HomeNewsAnalysisCoronavirus Turns House Arrest Into Hot Button Issue in Argentina
ANALYSIS

Coronavirus Turns House Arrest Into Hot Button Issue in Argentina

ARGENTINA / 5 MAY 2020 BY JOSEFINA SALOMÓN EN

Fears of the coronavirus spreading within Argentina's prisons has ignited inmate protests and led officials to release prisoners to house arrest, a move that has generated controversy and widespread debate over prison conditions in the country.

One of the largest protests took place on April 23 at the federal prison in Villa Devoto, the most populated in Buenos Aires, demanding authorities take measures to protect them from the spread of COVID-19. Two inmates later tested positive for the virus, La Nación reported.

“We refuse to die in prison,” read a banner hanging from a prison window

SEE ALSO: Argentina News and Profiles

The protests came a day after an inmate at a separate Buenos Aires prison was found dead after guards violently repressed a protest.

The prisoners scaled the prison walls to demand improved sanitary conditions after an inmate had a confirmed coronavirus infection. Videos show rubber bullets being shot at prisoners, while inmates hurl rocks. The incidents left 40 prisoners and 15 guards injured, Clarín reported.

Two prison guards have been arrested and several others are under investigation into the shooting death of the inmate, Federico Rey, according to La Nación.

Authorities say they are taking measures to protect inmates from coronavirus infections, testing those with symptoms and providing sanitary items such as cleaning products. In the province of Santa Fe, authorities recruited extra medical personnel to work in the prisons.

Officials have also released prisoners on house arrest to reduce overcrowding. At least 800 inmates in Buenos Aires from groups at particular risk from the virus have already benefited from the move, according to official data published by La Nación. Many who have been released are serving time on nonviolent offenses.

On April 30, people across Argentina banged pots and pans outside their windows to protest the release of prisoners. An online petition against the policy has also received over 600,000 signatures.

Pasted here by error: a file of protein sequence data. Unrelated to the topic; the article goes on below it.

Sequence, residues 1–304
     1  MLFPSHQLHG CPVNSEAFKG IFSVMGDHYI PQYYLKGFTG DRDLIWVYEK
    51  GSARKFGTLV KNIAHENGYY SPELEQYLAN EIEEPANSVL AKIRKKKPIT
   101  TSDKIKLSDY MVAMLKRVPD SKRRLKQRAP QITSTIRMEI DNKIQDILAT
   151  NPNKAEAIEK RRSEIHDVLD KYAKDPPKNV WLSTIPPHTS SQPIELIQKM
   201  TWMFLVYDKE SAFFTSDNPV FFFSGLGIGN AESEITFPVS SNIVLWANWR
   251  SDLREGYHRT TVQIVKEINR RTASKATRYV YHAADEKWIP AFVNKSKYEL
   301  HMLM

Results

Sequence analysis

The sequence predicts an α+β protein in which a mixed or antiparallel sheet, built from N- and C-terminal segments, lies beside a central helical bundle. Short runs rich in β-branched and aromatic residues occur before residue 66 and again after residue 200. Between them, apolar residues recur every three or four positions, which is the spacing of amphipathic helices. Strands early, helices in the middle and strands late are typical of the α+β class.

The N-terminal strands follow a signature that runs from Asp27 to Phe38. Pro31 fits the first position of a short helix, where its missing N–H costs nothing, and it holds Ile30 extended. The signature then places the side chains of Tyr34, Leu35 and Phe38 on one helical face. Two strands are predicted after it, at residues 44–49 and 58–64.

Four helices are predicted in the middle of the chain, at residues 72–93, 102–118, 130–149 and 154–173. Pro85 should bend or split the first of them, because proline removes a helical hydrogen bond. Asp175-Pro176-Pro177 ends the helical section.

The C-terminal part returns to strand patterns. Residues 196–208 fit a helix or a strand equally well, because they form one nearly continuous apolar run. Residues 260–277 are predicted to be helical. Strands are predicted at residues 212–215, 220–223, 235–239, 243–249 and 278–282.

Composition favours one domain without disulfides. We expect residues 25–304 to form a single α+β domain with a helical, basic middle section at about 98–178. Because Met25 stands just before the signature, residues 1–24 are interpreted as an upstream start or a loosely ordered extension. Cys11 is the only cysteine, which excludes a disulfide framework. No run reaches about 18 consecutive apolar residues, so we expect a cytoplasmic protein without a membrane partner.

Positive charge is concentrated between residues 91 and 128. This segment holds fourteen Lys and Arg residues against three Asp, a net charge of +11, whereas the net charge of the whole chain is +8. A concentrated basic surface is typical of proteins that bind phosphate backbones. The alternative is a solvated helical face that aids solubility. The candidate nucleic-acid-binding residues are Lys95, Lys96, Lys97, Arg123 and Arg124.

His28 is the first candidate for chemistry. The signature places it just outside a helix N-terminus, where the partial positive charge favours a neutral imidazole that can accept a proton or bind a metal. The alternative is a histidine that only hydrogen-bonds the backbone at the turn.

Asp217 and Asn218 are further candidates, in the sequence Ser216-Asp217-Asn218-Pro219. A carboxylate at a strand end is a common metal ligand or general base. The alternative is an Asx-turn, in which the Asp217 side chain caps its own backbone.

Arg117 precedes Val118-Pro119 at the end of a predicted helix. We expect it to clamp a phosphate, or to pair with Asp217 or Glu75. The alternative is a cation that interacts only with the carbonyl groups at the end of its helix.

Some 63,000 people are held in federal prisons across Argentina and in jails in the province of Buenos Aires, according to a study by the Universidad Nacional Tres de Febrero. Nearly 20 percent of all prisoners are held on drug-related charges.

InSight Crime Analysis

The coronavirus pandemic has not only exposed poor prison conditions in Argentina but also put its judges in a bind when it comes to weighing prisoners' and victims' rights. 

After the first cases of coronavirus were recorded in Argentina in early March, and with a mandatory quarantine effectively banning prison visits, inmates across the country launched a series of protests in the provinces of Buenos Aires, Corrientes, Santa Fe and Mendoza.

More than 6,000 inmates have reportedly gone on hunger strike at prisons in Santa Fe to demand that the courts allow for more of them to serve their sentences at home, according to La Nación.

SEE ALSO: How Has Coronavirus Shifted Argentina’s Drug Dynamics?

In response to the inmates’ demands and concerns that prison outbreaks could lead to mass casualties, the country’s Federal Appeals Court recommended that house arrest be granted to nonviolent inmates who are at higher risk of health complications, such as the elderly, the immunocompromised, and pregnant women.

While authorities rightly claim they have a responsibility to protect the lives of inmates, and sending them home is seen a the most efficient option in the short term, many including some judges and crime victims complained prisoners are being released without effective control mechanisms to ensure they actually stay at home.